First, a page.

South Asia

Afghanistan Briefing: Changing Political Dynamics; Urged to Address Dostum-Eschi Issue

A round-up of major happenings in Afghanistan in the last week.

Afghan First Vice President Abdul Rashid Dostum. Credit: Reuters

Afghan First Vice President Abdul Rashid Dostum. Credit: Reuters

Trilateral talks between Russia, China and Pakistan angers Kabul

The trilateral talks between Russia, China and Pakistan on December 27 ticked Kabul off, especially the suggestion that some Taliban officials could be removed from the UNSC sanctions list in order to revive the peace talks.

Pakistan, China and Russia recently held trilateral talks on Afghanistan. Credit: Twitter

Pakistan, China and Russia recently held trilateral talks on Afghanistan. Credit: Twitter

The Taliban quickly welcome the statement from the trilateral. Kabul, however, took umbrage and pointed out that any decision of lifting the sanctions had to come from the Afghan government. Any delisting of the Taliban could happen only when they abhorred violence and joined the peace process, interior ministry spokesperson said.

Afghan authorities have been increasingly vocal about the fact that Russia was providing weapons to the Taliban to fight against militant groups flying the ISIS flag. Former Kunduz governor Mohammad Omar Safi had earlier claimed that Russian military engineers based in Tajikistan have been refurbishing weapons and vehicles for Taliban for two years. A spokesperson for the Tajik border guard agency called these allegations baseless, but offered to investigate the claims.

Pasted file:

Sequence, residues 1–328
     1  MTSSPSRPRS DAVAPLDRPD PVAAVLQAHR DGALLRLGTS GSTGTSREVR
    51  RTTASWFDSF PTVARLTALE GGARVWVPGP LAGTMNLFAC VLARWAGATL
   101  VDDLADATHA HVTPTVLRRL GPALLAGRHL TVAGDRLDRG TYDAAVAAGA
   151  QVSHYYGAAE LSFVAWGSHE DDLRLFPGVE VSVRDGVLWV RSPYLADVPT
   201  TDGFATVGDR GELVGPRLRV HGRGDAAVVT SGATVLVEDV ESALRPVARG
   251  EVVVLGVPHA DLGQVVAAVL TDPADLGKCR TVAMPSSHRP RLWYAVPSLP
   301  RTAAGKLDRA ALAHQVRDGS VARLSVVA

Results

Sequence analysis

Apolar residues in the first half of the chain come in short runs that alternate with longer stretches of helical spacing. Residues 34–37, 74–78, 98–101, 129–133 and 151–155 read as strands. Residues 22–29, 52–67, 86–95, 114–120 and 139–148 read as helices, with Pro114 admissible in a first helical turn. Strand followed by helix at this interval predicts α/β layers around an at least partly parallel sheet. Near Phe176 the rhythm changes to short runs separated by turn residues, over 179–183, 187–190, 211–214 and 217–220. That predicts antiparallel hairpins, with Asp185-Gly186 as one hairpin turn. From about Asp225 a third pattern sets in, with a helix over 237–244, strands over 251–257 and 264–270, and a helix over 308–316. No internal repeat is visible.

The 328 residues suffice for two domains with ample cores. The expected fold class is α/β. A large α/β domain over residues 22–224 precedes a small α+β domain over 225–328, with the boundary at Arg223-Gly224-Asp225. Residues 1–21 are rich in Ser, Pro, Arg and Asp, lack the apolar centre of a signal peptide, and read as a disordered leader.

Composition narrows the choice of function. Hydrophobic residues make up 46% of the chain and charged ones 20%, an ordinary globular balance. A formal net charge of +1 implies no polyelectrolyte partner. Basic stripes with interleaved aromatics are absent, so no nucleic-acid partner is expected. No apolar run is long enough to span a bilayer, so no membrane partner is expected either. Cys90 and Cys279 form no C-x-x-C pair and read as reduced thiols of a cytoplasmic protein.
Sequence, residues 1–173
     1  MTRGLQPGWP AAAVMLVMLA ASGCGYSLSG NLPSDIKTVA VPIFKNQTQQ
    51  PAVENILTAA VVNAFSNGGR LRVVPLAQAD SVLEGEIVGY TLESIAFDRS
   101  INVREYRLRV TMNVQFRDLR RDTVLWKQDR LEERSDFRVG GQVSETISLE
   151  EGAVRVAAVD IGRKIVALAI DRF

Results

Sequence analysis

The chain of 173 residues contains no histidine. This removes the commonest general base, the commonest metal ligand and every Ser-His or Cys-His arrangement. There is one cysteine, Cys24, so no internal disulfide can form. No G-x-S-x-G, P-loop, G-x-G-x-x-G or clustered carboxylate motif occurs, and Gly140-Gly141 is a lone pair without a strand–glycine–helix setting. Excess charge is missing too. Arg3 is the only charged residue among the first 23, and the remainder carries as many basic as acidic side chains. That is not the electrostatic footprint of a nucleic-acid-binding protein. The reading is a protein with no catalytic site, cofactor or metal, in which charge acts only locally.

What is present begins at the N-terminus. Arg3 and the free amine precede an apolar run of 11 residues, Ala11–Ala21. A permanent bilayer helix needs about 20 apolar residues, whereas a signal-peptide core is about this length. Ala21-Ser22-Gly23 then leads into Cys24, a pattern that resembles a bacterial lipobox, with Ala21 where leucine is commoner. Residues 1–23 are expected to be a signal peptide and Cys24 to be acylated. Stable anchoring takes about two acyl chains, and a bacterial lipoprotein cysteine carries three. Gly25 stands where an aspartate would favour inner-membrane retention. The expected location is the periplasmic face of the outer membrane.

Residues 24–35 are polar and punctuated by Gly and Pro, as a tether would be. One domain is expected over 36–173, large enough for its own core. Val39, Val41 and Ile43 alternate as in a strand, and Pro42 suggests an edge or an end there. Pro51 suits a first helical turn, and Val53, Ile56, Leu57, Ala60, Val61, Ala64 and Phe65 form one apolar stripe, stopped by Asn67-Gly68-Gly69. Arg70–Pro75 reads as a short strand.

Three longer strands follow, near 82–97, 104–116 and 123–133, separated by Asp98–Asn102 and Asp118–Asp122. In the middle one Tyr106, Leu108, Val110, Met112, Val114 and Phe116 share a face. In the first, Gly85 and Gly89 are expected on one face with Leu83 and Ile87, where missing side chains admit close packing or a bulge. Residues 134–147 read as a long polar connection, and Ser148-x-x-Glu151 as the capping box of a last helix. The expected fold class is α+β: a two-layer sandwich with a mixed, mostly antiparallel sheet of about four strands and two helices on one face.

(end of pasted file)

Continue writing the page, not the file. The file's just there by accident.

AIHRC urges Afghan government to address Dostum-Eschi issue

The matter of the allegations of assault by the men of Afghan’s First Vice President, Abdul Rashid Dostum, refuses to die down. On January 1, the Afghan Independent Human Rights Commission called on the Afghan government to conduct a “transparent” investigation into the claims that Dostum had directed his men to beat and sexually assault a rival, the former governor of Jawzjan province Ahmad Eschi.

Ahmad Ishchi, who said he was beaten and detained by Afghanistan’s vice president, Gen. Abdul Rashid Dostum in November. Credit: Reuters

Ahmad Ishchi, who said he was beaten and detained by Afghanistan’s vice president, Gen. Abdul Rashid Dostum in November. Credit: Reuters

Dostum had refused a summons by the country’s attorney general over the allegations and has not been attending work since the allegations surfaced last month, hence causing a rising crescendo of criticism.

Changing political dynamic of national unity government

A private English news agency, Khaama Press, reported on the changing political dynamics of the national unity government based on an interview of Ata Mohammad Noor, a former ally of chief executive Abdullah Abdullah, with BBC Afghanistan. The Tajik strongman and Jamaat-e-Islami leader said that he was “no more counting on the decision making capabilities” of Abdullah.

The ‘weak’ performance by Abdullah of putting forward the views of Jamaat-e-Islami in the last two and half year was the reason for the direct talks between him and President Ashraf Ghani, Noor said. He revealed that an agreement which will institutionalise their “political understanding” would be signed.

The private TV channel TOLOnews published a report stating that there was a growing loss of faith in the national unity government (NUG). It quoted analysts and MPs who are unhappy with the continuing drift within the NUG.  An analyst Haroon Mir said that the spread of rift to “other parties” like Noor was a “sign of political failure.”

Khaama also reported about the emergence of photos on Afghan social media of women in the northern province of Jawzjan who have picked up arms to resist against the Taliban and ISIS. The group is apparently led by a 53-year-old women fighter and comprises around 45 fighters.